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Programmable Web’s Musser says that many of the security risks introduced by an API are similar to those found in desktop computers. In both cases, he says, security vulnerabilities exist wherever there is an access point that an attacker might abuse. Any site that builds its API on top of another site’s API is relying on someone else’s security, and it’s not easy to look into what has been built to see how well it has been handled, Musser says. “Part of the fundamental issue is just how new the technology is,” he adds.

Jeremiah Grossman, founder and chief technology officer for WhiteHat Security, says that sites that publish APIs can find it hard to discover security flaws in them. He notes that often it’s difficult to tell how a third-party site is using an API, and if that site has been compromised by an attacker.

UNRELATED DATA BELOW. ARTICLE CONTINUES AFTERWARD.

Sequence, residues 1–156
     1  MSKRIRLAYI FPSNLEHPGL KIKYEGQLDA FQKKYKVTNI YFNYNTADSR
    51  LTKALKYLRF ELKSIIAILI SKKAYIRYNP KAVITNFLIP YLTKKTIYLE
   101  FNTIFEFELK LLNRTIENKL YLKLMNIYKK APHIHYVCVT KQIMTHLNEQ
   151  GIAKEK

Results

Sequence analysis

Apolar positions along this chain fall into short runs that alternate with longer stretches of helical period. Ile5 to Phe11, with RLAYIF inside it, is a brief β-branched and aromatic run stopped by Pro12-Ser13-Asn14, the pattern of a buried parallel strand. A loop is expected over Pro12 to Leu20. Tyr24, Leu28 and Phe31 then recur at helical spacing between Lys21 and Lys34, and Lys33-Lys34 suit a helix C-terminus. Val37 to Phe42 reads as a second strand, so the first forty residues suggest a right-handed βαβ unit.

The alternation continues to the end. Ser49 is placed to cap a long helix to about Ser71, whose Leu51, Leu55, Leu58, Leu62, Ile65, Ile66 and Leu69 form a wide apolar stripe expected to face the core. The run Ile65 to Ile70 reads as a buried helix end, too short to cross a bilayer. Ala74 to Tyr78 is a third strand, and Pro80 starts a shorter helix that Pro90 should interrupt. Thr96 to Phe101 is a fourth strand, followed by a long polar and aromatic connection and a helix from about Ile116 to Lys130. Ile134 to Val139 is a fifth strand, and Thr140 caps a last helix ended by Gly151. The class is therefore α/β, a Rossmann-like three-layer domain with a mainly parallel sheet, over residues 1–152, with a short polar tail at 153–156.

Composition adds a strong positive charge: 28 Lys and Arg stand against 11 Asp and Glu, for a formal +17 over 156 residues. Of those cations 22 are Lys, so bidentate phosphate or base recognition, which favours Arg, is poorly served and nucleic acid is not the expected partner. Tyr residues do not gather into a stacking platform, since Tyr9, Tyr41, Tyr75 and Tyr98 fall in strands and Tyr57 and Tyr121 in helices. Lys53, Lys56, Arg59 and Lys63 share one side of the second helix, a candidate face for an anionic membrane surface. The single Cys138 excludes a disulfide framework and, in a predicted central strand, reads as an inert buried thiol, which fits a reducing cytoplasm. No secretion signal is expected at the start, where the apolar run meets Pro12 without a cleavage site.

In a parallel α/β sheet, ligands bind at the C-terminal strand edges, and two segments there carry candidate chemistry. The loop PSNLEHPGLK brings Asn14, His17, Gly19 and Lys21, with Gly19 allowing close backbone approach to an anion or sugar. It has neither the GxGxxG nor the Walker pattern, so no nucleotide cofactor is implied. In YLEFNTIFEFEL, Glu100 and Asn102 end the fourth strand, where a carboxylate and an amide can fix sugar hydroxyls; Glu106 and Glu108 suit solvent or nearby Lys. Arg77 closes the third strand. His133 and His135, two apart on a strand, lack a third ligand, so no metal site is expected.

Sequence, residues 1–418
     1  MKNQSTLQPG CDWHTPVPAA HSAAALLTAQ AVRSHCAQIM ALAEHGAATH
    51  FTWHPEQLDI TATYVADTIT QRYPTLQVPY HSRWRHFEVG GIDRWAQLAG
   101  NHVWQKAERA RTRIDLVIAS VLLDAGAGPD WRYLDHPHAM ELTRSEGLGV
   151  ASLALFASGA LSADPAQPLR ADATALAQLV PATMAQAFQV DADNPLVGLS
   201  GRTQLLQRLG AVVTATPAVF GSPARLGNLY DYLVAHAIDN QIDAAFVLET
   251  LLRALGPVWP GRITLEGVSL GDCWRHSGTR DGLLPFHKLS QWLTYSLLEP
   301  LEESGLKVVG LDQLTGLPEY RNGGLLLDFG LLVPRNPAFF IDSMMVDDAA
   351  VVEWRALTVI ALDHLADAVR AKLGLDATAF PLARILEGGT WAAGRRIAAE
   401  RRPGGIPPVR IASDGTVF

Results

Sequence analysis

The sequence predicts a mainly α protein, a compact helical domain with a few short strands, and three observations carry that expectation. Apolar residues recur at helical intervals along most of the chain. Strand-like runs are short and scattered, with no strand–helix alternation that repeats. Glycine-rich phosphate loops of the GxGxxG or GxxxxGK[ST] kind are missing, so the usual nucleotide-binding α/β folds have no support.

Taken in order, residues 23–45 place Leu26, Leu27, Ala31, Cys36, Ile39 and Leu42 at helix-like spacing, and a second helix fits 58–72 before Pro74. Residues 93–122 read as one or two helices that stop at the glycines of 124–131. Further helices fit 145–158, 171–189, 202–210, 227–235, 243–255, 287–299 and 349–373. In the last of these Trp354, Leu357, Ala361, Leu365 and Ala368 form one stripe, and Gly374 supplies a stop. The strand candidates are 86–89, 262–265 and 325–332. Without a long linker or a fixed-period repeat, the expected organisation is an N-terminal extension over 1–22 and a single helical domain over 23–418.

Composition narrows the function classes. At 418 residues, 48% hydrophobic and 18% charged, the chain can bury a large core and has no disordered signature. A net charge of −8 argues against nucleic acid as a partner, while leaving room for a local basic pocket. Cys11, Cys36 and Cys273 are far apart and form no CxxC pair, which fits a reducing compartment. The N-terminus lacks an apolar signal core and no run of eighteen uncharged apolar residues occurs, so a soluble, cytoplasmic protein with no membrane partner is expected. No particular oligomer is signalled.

APIs are also harder to test than traditional websites, Grossman says. Though software tools have been developed that can analyze a site’s underlying code to pinpoint potential vulnerabilities, those tools won’t work for testing APIs. “It’s a lot more manual with a lot less automation, and it means, at the end of the day for the business, more expense,” he says.

But while experts agree that there’s no easy fix for the risks introduced by APIs, they also say the technology isn’t going away. “Websites are becoming Web services, and that trend isn’t going to stop,” Musser says.

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Credit: Technology Review

Tagged: Web, web applications, computer security, DEFCON, mashups, API

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